I agree that paying off the car loan should be a priority. I paid off a mortgage rather than contributing more to an RRSP. But it leads me to a related question: When do RRSP carryover amounts from previous years expire? Do they ever? I was recently checking my records online, I’ve been filing a tax return since 1997, and had extra room every year. From what I can tell, none of this extra room has expired (yet).

  • Rod Payne September 13, 2007, 3:01 pm

    RRSP carryforward room never expires.

  • FrugalTrader September 13, 2007, 3:03 pm

    Warren,

    To my knowledge, RRSP contribution room will carry forward indefinitely.

  • George September 13, 2007, 3:45 pm

    You can indefinitely carry-forward RRSP contributions to be deducted in a future year. You can also carry-forward unused contribution room indefinitely. Or at least until the budget is changed to limit the amount of carry-forward, but such a budget change is unlikely (very few people make use of their unused contribution room).

  • WhereDoesAllMyMoneyGo.com September 14, 2007, 2:35 am

    You need to consider the effect of not putting that money in your RRSP (or other investment account) now and what growth you forego. If you are 22 and put in $10,000 now, assuming an 8% rate of return and 43 years of growth (to age 65) then you are foregoing $273,666, but that is assuming that you don’t top up at a later date, so the foregone growth wouldn’t be nearly as high as that.

    You also need to consider that if you put in $10,000 as a lump sum now and you don’t have the cashflow to make additional contributions to your RRSP then you will build up contribution room for the duration of time you are paying back the RRSP loan yet again – thus potentially prompting you to “catch up” again with another RRSP loan.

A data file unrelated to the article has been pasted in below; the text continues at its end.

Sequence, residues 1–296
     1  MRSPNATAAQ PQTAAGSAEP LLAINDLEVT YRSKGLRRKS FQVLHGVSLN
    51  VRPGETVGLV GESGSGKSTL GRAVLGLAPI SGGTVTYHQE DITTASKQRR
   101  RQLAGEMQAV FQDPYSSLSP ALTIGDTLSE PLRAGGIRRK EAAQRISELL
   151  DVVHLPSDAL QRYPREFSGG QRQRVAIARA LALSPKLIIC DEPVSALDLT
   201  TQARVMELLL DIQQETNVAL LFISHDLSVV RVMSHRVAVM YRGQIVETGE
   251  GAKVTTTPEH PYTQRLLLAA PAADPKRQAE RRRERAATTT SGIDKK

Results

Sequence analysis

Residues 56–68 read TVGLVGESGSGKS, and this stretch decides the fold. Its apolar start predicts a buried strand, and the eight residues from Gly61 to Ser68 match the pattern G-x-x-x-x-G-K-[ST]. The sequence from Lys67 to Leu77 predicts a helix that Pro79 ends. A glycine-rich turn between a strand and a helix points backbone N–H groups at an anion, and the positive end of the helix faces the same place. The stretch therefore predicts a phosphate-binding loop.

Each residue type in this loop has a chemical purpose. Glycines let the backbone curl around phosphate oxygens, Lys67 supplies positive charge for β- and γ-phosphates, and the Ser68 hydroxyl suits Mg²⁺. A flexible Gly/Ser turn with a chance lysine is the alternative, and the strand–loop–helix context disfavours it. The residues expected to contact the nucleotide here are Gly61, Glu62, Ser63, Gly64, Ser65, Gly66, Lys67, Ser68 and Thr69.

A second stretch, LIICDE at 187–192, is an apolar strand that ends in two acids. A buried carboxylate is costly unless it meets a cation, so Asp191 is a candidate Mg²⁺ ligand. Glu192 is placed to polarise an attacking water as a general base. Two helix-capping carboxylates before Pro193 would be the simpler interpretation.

If you plan on maximizing your RRSP long term (i.e. using all available room as it becomes available) then you don’t have any pressing need now for an RRSP loan, IMHO.

    But, if you have company matching to your RRSP then I would maximize your monthly contributions to your RRSP as best you can and use the annual refunds to pay down the car loan. If they reduce tax withholing at source though, this can backfire in that you will make bigger contributions but you won’t have a refund at the end of the year.

    Personally I think it is nice to get into the habit of saving 10% of what you make and put that into long term savings no matter your debt – just so you get into the habit of doing so. Many people will pay down the car loan aggressively and then find something else to buy or finance instead of “finally starting” their savings – that’s how most people get behind.

    If you can still pay down the car loan aggressively with 90% of your income as your budget then more power to you – the logic is that there are people earning 90% of what you make per year who are the same age with a similar car loan and they manage to make do. It applies to all income levels. Somewhere out there is someone making 90% of what you are making and they have all the same “stuff” as you – so if they can make do, so can you – and you will have the added benefit of staring your automatic long term savings plan…

    Just a thought…

    In the end, many financial decisions are subjective – and in any case you are doing the right thing by asking about saving when you are so young.

  • Cannon_fodder September 14, 2007, 7:09 am